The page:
Five minutes with YouTube educator Dr Chris Tisdell

Using YouTube to pioneer a new avenue of digital learning, Dr Chris Tisdell from the University of New South Wales’ (UNSW) School of Mathematics and Statistics has recently been approached by YouTube to become an official ‘Partner in Education’.

Using the UNSW’s YouTube channel to broadcast maths lectures across the globe, Tisdell has reached almost 180,000 hits, with a recent survey of engineering and maths students revealing that 92 per cent of students who watched the videos thought they were a valuable learning resource.

When were you approached by YouTube and asked to become an official partner in education? I have been making mathematical education videos for about two years, and YouTube approached me six months ago to become a partner in education. UNSW also has a partnership with YouTube in its YouTube EDU movement, where universities around the world can share their video lectures.

How successful has your UNSWelearning YouTube channel been? Students have been very encouraging of my YouTube initiative, both here at the UNSW and also around the world. Recent surveys from a large second-year engineering mathematics subject reveal that 70 per cent of students viewed at least one of my videos and 92 per cent of those student viewers believed that the videos were a valuable learning resource. Encouraging comments from around the globe are posted on my YouTube web page almost every day.

What age groups do your viewers fall into? My viewers tend to fall into three categories: Students at UNSW taking mathematics courses as part of their degree, students at other universities -- both in Australia and overseas -- and self-learners, including the practicing engineer who needs to brush up on some aspect of mathematics as part of their work. Due to the global reach of YouTube, the second and third groups outweigh the first.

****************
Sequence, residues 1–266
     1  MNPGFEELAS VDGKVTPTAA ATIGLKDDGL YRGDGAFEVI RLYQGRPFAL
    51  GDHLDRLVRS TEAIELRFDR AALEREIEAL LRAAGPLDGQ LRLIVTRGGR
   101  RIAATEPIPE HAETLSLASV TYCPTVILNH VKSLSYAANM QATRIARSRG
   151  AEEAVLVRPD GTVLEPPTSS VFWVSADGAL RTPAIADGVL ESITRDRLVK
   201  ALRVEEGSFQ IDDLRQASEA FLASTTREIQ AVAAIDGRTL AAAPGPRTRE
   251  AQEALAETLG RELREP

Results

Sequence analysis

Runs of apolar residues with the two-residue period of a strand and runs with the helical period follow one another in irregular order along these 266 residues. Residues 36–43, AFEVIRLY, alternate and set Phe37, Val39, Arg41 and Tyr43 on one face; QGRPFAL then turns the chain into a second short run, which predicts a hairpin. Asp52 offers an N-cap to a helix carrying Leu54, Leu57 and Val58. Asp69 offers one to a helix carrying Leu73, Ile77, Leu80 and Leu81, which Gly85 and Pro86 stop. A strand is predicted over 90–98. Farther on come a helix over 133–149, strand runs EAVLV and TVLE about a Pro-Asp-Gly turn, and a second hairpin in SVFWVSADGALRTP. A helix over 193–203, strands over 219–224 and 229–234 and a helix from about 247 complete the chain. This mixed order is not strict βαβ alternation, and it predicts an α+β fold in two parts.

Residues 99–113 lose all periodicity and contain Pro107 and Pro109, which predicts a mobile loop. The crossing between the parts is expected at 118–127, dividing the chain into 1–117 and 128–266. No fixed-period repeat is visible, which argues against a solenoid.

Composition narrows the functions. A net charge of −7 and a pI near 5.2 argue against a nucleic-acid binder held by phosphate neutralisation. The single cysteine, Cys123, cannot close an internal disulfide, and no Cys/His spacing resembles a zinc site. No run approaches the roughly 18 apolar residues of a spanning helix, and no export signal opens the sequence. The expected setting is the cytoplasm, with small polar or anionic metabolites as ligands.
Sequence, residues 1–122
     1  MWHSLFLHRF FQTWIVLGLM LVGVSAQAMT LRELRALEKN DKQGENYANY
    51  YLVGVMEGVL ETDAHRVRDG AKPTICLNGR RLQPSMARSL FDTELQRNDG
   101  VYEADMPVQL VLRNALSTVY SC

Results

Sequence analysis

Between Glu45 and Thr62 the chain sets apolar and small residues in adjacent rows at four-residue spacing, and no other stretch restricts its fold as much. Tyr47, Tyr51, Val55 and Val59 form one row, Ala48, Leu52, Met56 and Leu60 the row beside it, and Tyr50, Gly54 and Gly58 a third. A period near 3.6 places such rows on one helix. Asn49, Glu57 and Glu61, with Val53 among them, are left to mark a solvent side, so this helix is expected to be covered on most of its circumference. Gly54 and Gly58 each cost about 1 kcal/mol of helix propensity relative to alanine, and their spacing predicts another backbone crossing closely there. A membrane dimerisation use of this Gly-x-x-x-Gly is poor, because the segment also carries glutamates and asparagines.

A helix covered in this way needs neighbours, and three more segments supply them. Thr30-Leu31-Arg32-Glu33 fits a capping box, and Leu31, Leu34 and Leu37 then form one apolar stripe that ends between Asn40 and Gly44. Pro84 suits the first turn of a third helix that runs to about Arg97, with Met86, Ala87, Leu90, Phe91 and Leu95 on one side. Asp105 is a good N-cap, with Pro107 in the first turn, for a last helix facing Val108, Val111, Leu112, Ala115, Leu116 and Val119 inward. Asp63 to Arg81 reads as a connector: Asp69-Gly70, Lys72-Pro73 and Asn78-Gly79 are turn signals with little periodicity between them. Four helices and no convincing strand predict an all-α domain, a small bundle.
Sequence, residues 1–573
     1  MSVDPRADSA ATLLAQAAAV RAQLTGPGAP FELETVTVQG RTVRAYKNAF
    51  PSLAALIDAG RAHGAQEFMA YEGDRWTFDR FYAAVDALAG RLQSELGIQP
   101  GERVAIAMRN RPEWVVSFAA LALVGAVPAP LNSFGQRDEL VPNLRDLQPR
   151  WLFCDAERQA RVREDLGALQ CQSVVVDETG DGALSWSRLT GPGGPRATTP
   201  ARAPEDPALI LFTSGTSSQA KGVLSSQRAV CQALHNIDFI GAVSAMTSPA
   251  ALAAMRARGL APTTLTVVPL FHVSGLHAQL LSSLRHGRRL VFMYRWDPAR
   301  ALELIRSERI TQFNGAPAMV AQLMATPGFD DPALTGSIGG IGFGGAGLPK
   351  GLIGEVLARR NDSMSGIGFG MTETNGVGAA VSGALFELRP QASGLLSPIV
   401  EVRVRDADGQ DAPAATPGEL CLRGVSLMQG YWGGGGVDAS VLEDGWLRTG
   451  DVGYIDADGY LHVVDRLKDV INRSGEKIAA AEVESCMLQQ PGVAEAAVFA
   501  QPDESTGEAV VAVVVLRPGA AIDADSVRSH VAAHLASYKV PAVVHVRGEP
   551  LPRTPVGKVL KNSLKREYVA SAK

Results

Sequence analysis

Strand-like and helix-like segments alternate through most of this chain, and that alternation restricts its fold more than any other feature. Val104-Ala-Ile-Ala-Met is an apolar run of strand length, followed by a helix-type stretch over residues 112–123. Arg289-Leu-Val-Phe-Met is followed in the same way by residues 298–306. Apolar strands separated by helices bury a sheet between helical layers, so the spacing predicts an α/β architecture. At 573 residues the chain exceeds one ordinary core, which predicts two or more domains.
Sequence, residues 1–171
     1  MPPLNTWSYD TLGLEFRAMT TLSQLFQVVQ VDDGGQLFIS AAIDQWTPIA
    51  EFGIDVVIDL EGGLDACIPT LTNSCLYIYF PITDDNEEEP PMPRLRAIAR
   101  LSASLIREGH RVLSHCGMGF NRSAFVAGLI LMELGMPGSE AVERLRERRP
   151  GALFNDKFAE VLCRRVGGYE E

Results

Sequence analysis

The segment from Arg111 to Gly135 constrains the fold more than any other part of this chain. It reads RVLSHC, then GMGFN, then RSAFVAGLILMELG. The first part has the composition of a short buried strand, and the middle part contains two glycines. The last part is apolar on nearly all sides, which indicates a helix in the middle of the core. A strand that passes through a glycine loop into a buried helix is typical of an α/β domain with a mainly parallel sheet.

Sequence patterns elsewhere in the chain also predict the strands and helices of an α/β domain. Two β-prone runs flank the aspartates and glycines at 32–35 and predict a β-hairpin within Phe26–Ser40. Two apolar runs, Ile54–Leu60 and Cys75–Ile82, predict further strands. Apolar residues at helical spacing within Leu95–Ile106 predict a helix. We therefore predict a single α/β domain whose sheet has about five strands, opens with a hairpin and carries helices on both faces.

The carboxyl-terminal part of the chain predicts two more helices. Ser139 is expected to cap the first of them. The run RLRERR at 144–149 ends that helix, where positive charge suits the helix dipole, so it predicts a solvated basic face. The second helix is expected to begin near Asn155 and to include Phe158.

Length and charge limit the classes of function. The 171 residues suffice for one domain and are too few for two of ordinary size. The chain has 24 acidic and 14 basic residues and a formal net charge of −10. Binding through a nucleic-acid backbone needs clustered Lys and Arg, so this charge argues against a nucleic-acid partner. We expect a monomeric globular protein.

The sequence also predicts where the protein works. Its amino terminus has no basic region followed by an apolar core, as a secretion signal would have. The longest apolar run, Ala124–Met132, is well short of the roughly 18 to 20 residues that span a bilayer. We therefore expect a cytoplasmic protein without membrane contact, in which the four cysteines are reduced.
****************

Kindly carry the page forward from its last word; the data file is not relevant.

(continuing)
What role does YouTube play in your teaching and why did you chose to use social media to engage with your students? I record my lectures live using an ELMO P30S document camera, and then edit and upload the video files to YouTube where students can revisit the lecture in their own time. Students have been using these resources as a revision tool rather than replacing physical attendance in lectures.

I chose YouTube because video is a powerful tool in learning and it is free to access. The free access to YouTube aligns with my beliefs in the OpenCourseWare (OCW) movement, whose aim is to make knowledge and learning resources freely available to the world. My YouTube videos are my contribution to the OCW.

How do you keep your audience returning to your teachings and engaging with social media? I believe the key is to keep your YouTube page dynamic by regularly posting new material. I try to post my video lectures as soon as possible after the lecture, as students probably see the value of course materials decline with time. People are more likely to keep visiting my YouTube page if there is new material for them to view and learn from.

What role do you think telepresence could play in the future of online learning? I believe the role will continue to grow in the online learning environment. For example, the Australian Mathematical Sciences Institute (AMSI) continues to use Grid Access Rooms at universities across the nation for such purposes as enabling viewers in Melbourne to watch a live seminar in Sydney. In addition, I have colleagues who give tutorials to distance students via Skype.

What’s your next move in the IT space? I am working on a webpage that hosts notes for each of my videos. A learner can print out these worksheets and then view my videos, following along during the process and taking down notes. This ensures the viewer is more active in the learning process.

Copyright © 2010 IDG Communications, Inc.

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